Semi-Daily Journal Archive

The Blogspot archive of the weblog of J. Bradford DeLong, Professor of Economics and Chair of the PEIS major at U.C. Berkeley, a Research Associate of the National Bureau of Economic Research, and former Deputy Assistant Secretary of the U.S. Treasury.

Monday, November 27, 2006

Is a Recession Imminent? (2006-32, 11/24/2006)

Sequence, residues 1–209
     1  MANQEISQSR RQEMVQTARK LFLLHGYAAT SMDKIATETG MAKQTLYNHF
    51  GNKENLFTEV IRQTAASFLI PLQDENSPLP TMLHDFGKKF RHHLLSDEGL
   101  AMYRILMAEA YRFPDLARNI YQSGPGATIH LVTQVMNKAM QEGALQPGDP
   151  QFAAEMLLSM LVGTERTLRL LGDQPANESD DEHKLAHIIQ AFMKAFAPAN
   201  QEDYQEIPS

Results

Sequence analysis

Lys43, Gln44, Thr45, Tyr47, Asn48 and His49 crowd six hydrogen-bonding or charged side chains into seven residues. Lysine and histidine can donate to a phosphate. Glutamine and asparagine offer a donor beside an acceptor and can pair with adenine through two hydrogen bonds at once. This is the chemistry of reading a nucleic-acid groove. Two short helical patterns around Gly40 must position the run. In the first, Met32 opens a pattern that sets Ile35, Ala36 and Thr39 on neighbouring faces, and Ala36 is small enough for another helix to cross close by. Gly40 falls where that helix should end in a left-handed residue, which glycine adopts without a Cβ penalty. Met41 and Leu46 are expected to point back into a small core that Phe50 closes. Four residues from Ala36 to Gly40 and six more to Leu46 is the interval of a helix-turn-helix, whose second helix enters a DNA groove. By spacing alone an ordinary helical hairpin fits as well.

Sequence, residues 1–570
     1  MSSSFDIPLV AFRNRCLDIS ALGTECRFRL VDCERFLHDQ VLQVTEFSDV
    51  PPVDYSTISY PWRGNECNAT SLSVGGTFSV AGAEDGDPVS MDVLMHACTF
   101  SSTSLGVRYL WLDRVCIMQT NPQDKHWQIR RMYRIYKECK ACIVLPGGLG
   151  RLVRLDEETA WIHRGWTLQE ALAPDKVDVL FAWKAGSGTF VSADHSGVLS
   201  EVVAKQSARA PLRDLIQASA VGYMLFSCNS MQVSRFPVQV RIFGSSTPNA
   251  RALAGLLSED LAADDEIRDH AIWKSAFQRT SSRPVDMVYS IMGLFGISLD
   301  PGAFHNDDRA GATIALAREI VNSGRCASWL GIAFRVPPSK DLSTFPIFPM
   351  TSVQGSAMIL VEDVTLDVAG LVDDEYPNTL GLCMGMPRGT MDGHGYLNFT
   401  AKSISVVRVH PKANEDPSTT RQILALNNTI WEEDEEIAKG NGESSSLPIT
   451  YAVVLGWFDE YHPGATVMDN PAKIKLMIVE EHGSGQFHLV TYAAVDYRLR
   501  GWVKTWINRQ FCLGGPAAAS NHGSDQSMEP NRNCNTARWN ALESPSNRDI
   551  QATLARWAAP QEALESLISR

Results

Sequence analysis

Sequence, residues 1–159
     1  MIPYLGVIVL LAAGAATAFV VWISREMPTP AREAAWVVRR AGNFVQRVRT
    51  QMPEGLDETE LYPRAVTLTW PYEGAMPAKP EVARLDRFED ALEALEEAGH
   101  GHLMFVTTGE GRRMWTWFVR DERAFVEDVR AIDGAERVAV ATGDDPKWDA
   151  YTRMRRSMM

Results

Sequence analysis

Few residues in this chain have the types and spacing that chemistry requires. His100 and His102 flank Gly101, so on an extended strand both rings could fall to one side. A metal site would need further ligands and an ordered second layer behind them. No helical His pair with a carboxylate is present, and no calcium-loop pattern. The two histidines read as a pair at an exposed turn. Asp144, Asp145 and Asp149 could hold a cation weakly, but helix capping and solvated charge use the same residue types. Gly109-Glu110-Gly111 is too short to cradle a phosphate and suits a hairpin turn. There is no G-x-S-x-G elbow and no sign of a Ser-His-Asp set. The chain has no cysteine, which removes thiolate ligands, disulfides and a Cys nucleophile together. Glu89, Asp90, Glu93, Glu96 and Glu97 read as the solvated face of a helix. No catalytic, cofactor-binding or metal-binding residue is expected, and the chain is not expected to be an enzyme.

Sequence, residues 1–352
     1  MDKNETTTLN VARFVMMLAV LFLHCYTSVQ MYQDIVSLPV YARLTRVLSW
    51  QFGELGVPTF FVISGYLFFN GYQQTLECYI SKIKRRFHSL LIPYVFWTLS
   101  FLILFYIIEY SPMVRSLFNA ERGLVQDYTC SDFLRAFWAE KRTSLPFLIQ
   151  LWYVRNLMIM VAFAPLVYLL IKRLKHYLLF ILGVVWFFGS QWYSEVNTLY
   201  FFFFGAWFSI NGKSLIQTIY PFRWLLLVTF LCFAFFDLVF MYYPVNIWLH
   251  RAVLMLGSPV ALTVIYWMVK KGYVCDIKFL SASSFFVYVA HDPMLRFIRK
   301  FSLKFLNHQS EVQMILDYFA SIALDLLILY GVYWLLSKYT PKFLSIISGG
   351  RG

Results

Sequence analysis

Two worth reading from the Federal Reserve Bank of San Francisco: John Fernald and Bharat Trehan: >[Is a Recession Imminent? (2006-32, 11/24/2006)](http://www.frbsf.org/publications/economics/letter/2006/el2006-32.html): The sharp slowdown in housing and the inverted yield curve have led to concerns that the odds of a recession have risen.... Our review of the evidence suggests two conclusions: First, recessions appear difficult to predict; second, while the probability of a recession over the next year may now be somewhat elevated, it does not appear to be nearly as high as the yield curve suggests.... >The yield curve is perhaps the best known of all the indicator models used to predict recessions.... [A] model developed by Wright (2006) that uses information on the term spread and the funds rate... estimates a 47% probability of recession over the next four quarters.... >There is reason to be skeptical about the current high estimate of the probability of recession, because the unusually low rates at the long end of the yield curve are not well understood.... >[T]he ability of the yield curve to forecast recessions is often attributed to the fact that the long-term rate reflects market expectations about future developments in the economy. But in that case, one would expect professional forecasters to have this information as well, leading to survey probabilities similar to those from the yield curve. At a minimum, forecasters should be incorporating information from the yield curve into their forecasts... And Michele Cavallo on the carry trade and the failure of uncovered interest parity: >[Interest Rates, Carry Trades, and Exchange Rate Movements (2006-31, 11/17/2006)](http://www.frbsf.org/publications/economics/letter/2006/el2006-31.html): The U.S. dollar has seen some remarkable swings.... Many observers have related these swings to what is known as the carry trade... investors in international financial markets... exploiting the existence of interest rate differentials across countries. >The use of this strategy by investors is puzzling, as the theory of interest parity conditions implies that it should not generate predictable profits.... [A]n investor borrows a given amount in a low-interest-rate currency (the "funding" currency), converts the funds into a high-interest-rate currency (the "target" currency) and lends the resulting amount in the target currency at the higher interest rate.... >According to economic theory, an investment strategy based on exploiting differences in interest rates across countries should yield no predictable profits.... [T]he difference in interest rates between the two countries [should] simply reflects the rate at which investors expect the high-interest-rate currency to depreciate.... In practice, however, investors in international financial markets do seem able to make profits through such strategies. In fact, market participants and commentators have often cited the carry trade as the source of several recent exchange rate swings.... >If the carry trade is a risky strategy, why are investors reported to use it extensively? The answer lies in the "forward premium puzzle."... Currencies that ... have a low interest rate... tend, on average, to depreciate, not appreciate.... [C]urrencies that... have a high interest rate, tend, on average, to appreciate, not depreciate.... >Burnside et al. find that, for the period from 1977 to 2005, the realized cumulative return to their [carry trade] strategy is very similar to that of investing in the S&P500 index... [with a] the lower volatility of its returns...

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